You may have heard of a little something called the “dark web.” Hearing those two words can raise the hairs on the back of the neck of IT professionals, while for others it might be complete gibberish. Even still, others will get sinister, seedy associations with it. Such is the reputation of this realm of the internet. However, most people may not realize that the dark web has many legitimate and revolutionary uses as well. One thing is for certain that everybody can agree on, you must be cautious on the dark web. Before getting into exactly what the dark web is and how you might find a use for it, it is important to get into some background and statistics to appreciate just how strange a world the dark web is.
What do the Statistics Show Us?
The statistics tell us that the dark web makes up an estimated half of the entire internet. Think about a skyscraper sticking out and piercing the fog, with only its top part visible, like the top-most floors and the spire. This is what we call the surface web, which we all interact with daily. The deep and dark webs, which are two distinct but intertwined areas, make up the rest of that skyscraper below the clouds that remain invisible. The deep and dark webs intertwine in the same way that the world’s oceans are part of a single whole. It is difficult to determine the exact proportions of each, but we can safely deduce that the surface web (clear web) makes up just 10% of the entire internet.
What is certain is that the deep web and dark web differ in that the former mostly consists of background data hiding behind usernames and passwords that websites use, while the dark web (also called darknet) is a completely anonymous, user-created area known to be chock full of illegal and illicit material. So, let’s say that the deep web is like a giant warehouse with random material in it, some of it is unused while the rest makes up the components of the internet itself. The deep web contains all of the information saved in your accounts, which cannot be accessed with search engines like it can on the surface web. On the other hand, the dark web has a, well, dark purpose (most of the time) and is pretty much invisible.
It is estimated that 10% of the listings on the dark web are purely for illicit drugs like cocaine and meth, while a further 7% belong to illegal financing. Similarly, the sale of phishing malware and other malware like viruses and keyloggers, and trojans is abundant on the dark web. Another unrelated yet interesting statistic shows that dark web use is highest per capita in India. Perhaps this is not shocking due to the enormous population of India, and the amount of fraudulent IT practices located there.
The dark web is a place where credit card numbers go for less than $10, buying a pistol is as easy as pie with cryptocurrency, and hiring a hitman is no problem. Perhaps worst of all is that pornography involving children and torture content exists on there. Furthermore, there are over 50,000 confirmed terrorist groups on the dark web. That does sound like something from hell. At the end of the day, it can be safely estimated that the majority of the dark web is a very, very shady, and potentially lethal place.
How Could You Use the Dark Web?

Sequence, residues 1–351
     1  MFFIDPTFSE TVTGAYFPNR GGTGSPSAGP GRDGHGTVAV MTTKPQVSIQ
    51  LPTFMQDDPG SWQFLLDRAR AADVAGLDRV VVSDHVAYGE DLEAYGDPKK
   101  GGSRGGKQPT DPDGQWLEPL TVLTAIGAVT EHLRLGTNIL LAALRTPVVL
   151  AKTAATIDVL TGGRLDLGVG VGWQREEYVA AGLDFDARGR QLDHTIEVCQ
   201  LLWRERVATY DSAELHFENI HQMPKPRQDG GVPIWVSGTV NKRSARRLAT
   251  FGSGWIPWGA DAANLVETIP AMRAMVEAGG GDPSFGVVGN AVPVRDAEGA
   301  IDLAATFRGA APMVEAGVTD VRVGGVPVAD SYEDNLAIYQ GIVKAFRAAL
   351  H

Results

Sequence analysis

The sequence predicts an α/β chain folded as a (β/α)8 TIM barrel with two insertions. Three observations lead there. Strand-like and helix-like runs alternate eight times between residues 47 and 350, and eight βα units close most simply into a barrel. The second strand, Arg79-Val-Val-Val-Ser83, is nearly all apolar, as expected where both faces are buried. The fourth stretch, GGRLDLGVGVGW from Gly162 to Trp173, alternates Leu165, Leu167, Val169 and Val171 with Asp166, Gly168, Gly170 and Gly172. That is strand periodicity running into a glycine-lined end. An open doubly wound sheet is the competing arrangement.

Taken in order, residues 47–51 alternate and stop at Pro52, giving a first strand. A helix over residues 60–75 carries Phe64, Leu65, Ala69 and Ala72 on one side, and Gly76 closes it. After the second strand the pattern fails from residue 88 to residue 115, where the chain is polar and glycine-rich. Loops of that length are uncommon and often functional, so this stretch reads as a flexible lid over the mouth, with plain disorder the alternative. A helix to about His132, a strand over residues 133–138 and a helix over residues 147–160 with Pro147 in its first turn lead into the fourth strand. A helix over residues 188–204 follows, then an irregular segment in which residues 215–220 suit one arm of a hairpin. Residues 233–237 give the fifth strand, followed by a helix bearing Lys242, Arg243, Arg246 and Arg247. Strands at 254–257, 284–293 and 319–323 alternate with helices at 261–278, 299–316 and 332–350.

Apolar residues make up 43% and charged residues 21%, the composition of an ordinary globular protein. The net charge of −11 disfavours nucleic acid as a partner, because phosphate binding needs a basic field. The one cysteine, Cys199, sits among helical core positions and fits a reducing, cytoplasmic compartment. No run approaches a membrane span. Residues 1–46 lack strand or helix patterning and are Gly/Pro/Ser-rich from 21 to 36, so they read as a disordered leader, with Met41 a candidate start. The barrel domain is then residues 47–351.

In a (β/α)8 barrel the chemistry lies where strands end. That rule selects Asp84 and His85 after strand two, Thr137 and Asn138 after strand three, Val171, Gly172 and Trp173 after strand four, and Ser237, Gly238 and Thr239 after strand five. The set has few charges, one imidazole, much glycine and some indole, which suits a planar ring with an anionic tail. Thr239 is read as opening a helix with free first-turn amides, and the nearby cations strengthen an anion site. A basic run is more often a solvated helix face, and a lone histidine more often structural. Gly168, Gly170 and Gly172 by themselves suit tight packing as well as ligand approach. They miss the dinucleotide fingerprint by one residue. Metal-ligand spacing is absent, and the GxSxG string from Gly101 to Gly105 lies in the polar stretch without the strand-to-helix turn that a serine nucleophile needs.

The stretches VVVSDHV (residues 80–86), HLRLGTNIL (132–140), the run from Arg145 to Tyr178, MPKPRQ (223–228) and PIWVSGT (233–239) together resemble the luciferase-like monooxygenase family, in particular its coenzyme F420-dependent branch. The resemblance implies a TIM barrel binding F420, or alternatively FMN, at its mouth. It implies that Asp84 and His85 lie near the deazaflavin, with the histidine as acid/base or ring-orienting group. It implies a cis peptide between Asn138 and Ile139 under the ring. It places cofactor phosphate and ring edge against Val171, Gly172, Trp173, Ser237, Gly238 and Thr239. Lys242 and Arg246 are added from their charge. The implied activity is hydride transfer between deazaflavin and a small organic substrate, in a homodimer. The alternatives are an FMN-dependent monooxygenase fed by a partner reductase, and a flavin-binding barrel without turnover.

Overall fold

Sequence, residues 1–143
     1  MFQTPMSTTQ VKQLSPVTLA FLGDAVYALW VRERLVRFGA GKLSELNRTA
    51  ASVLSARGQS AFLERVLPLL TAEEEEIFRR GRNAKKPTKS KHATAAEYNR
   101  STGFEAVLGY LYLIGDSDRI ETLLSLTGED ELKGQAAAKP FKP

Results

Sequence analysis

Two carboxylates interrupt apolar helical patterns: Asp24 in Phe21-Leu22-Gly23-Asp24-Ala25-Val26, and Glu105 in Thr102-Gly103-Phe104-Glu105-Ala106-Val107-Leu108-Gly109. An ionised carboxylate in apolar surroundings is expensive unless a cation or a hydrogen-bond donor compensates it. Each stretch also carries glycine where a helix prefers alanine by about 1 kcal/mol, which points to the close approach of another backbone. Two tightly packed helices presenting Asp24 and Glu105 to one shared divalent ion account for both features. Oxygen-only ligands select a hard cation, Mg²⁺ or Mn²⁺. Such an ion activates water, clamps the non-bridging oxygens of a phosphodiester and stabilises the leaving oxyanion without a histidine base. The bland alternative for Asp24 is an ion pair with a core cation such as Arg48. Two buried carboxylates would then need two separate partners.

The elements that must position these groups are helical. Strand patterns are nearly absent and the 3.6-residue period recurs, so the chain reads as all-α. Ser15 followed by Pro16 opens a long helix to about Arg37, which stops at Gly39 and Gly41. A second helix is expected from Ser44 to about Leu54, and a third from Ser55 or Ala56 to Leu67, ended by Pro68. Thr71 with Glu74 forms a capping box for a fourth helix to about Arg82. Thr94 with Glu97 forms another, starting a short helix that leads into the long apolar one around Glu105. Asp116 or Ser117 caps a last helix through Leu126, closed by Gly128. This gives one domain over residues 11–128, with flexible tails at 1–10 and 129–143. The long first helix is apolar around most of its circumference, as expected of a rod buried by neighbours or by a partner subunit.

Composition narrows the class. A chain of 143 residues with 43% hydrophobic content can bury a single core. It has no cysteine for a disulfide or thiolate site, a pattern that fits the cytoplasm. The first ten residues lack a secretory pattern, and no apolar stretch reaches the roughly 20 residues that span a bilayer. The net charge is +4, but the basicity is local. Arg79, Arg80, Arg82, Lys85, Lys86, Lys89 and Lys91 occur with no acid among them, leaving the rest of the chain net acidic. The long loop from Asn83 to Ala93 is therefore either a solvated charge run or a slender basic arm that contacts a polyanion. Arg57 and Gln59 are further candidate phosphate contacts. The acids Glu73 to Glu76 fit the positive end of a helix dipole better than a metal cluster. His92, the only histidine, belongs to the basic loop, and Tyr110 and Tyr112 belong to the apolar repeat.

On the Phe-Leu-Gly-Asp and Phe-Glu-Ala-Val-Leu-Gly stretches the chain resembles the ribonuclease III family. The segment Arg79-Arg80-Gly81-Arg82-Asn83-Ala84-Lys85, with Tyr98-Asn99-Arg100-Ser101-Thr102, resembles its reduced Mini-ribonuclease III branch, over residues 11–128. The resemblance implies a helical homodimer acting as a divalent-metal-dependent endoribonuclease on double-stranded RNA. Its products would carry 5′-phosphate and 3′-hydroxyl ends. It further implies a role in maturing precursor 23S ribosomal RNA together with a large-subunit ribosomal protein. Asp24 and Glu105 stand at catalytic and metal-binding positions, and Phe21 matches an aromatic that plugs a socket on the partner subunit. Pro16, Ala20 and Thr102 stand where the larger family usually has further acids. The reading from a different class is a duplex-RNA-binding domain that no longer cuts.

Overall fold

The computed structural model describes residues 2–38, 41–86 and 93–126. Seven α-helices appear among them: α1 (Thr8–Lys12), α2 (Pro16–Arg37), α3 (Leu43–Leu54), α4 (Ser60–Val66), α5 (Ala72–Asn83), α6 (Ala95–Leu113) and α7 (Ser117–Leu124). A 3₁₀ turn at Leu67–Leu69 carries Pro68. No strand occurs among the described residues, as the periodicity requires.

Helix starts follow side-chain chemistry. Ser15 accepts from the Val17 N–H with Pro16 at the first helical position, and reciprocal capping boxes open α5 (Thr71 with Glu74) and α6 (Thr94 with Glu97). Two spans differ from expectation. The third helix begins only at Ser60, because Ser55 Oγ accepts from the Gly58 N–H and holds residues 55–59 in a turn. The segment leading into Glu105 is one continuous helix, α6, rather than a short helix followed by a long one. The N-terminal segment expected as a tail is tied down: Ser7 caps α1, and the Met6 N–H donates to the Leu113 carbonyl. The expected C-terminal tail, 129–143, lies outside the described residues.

Yes, you can and should use the dark web, if you want true privacy. Individuals, institutions, and organizations do use the dark web. The dark web has a good side, too. Surprised? Well, it is not all doom and gloom indeed, however, almost nobody is aware of this. You can certainly use the dark web to your benefit, and weaponize it for well-intentioned purposes. The positives start with the fact that today we are all in need of a safer, more private internet. The deep and dark webs are perfect for that, especially the dark web, because of the level of encryption involved. To prove that, you can’t even access the dark web with a regular browser or search through it with a regular search engine. This means your internet service provider cannot track you, nor can the government. In fact, it would take an insane amount of time and resources to narrow down a dark web user. Law enforcement has done so, however, with the use of sting operations over long periods.
The anonymous part of the internet can be safely used by; activists, journalists, for private conversations, for private financial transactions, for evading censorship, for private file sharing, and much more. Whenever you use a dark web browser, like Tor (The Onion Browser), you are protected like nothing else because your connection passes through dozens of relays and is garbled in the process. This is exactly why so many illegal websites (thousands of terabytes of them) are (unfortunately) still active. Even more, proof that the dark web works are that law enforcement is at odds on how to catch criminals and terrorist groups most of the time, which requires immense resources and planning. However, for high-profile criminals, there is no haven and that must be stressed.
Yes, the dark web is a formidable weapon, where one can truly hide. Especially when combined with network anonymization software like a VPN, proxy chains, VM machines, and more, it is quite possible to completely disappear in every sense of the word. The hope is that the dark web’s reputation becomes less dark, and more positive, as more and more people start to think about their privacy and security in the days to come. The dark web is slowly becoming a place of community and belonging, which aligns with the trend of the public moving away from the mainstream. For that reason, we could see a rebirth of the dark web soon into something positive and revolutionary.